The above video is an example of a tasty media snack done by the aptly named MediaSnackers, it illustrates the fragmentation and segmentation of how web friendly folk consume their entertainment and information. The video stresses that 'the young' are media snackers but I'd qualify that and say 'young thinkers'.
Jeremiah Owyang started this conversation with his blog entry "Do you respect media snackers? Tell me why." He then tagged five people to respond, they in turn tagged others, and I was tagged by Jane Quigley who has an impressive online presence and is a 12 year veteran of online advertising / marketing. She used Utterz to answer the question in audio.
Of course I respect them, why wouldn't I? I post to twitter, and I blog. I love the 140 character limit because it seems that many writers are so enamored with their own words that they write long. Good writers get their point across quickly. The old model is that writers get paid by the word, so it was / is advantageous in some instances to write longer. About 80% of my online experience is with large online publishers and I know people will read good stuff but it's hard to engage readers.
And I'm being totally hypocritical and taking more room than needed to answer the question. I also use facebook and check in once or twice a day.
I have to admit to being a little ADD at the moment in my online life. I don't really respect myself as a micromedia consumer. I feel like I flit from blog to blog, video to video and don't spend nearly as much time as I'd like to creating rather than consuming. Twitter is great but it's real time -- evaporating from the front page minutes after it's created.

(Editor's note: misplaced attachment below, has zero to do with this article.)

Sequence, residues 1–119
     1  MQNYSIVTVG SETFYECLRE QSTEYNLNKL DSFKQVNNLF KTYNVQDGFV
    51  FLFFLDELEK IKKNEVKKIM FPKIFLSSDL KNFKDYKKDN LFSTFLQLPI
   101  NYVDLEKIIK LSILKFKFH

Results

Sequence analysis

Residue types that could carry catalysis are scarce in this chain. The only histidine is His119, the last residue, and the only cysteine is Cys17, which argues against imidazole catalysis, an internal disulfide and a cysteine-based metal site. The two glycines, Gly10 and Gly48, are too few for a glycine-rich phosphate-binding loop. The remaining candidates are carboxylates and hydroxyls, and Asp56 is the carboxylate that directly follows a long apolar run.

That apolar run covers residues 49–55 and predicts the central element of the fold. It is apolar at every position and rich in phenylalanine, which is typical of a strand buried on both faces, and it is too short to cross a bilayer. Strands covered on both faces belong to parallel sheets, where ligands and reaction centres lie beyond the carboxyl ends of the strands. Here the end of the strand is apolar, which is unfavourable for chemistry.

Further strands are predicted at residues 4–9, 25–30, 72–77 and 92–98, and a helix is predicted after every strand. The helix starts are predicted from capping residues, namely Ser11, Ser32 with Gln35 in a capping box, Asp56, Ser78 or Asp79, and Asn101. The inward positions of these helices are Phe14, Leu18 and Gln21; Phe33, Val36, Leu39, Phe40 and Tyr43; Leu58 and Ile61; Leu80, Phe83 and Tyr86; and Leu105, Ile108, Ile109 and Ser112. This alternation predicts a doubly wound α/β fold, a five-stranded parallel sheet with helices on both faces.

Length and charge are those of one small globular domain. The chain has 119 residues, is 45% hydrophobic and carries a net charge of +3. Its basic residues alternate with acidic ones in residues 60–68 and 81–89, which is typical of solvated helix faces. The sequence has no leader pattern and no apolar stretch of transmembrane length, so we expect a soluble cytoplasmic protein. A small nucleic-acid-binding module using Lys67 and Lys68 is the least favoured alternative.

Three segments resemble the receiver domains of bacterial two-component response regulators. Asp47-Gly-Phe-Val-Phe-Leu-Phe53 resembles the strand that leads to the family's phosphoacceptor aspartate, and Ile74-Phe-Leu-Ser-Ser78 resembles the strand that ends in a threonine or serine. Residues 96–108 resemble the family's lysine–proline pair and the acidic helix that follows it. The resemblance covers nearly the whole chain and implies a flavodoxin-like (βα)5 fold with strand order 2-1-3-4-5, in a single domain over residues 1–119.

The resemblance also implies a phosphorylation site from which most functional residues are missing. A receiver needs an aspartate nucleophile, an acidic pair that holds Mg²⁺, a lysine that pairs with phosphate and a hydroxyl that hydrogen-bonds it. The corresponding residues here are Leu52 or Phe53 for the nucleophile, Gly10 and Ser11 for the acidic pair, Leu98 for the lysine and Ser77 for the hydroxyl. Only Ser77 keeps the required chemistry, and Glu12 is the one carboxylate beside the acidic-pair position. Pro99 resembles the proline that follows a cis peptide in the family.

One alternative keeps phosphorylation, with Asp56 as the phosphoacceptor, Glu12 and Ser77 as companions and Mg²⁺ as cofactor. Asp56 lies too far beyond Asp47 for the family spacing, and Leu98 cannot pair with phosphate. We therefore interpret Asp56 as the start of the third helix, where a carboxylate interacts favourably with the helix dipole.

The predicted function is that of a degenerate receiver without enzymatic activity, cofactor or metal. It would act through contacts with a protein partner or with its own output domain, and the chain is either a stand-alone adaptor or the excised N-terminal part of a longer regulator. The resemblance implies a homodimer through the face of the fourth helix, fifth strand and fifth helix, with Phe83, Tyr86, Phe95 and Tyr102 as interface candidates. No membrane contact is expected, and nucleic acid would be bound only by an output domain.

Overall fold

I now buy songs from iTunes, I can't remember the last CD I purchased. The easiest place I've found to listen to music is Myspace and learn about most of the music I want to buy from TV. On Myspace, I read blogs from Moby, Adrianne Cury, and Deepak Chopra among others. I found the following video, Shift Happens by Karl Fisch on Deepak's blog which emphasizes the profound population and information shifts this decade is experiencing. I find it a strong example of a short video with a high ratio of information to length.
One of my favorites is Doug Benson's very short, almost daily blog, with comments disabled.
Brian Solis has a very comprehensive wrap up of the list of people who have blogged on the meme and provided a menu of the different media options available to consume and create your own media snacks each and every day. The concept reminds me of the March 2007 Wired Magazine cover story, Snack Attack. (A report on the new world of one-minute media.)
I've tagged Cathryn Hrudicka aka CreativeSage.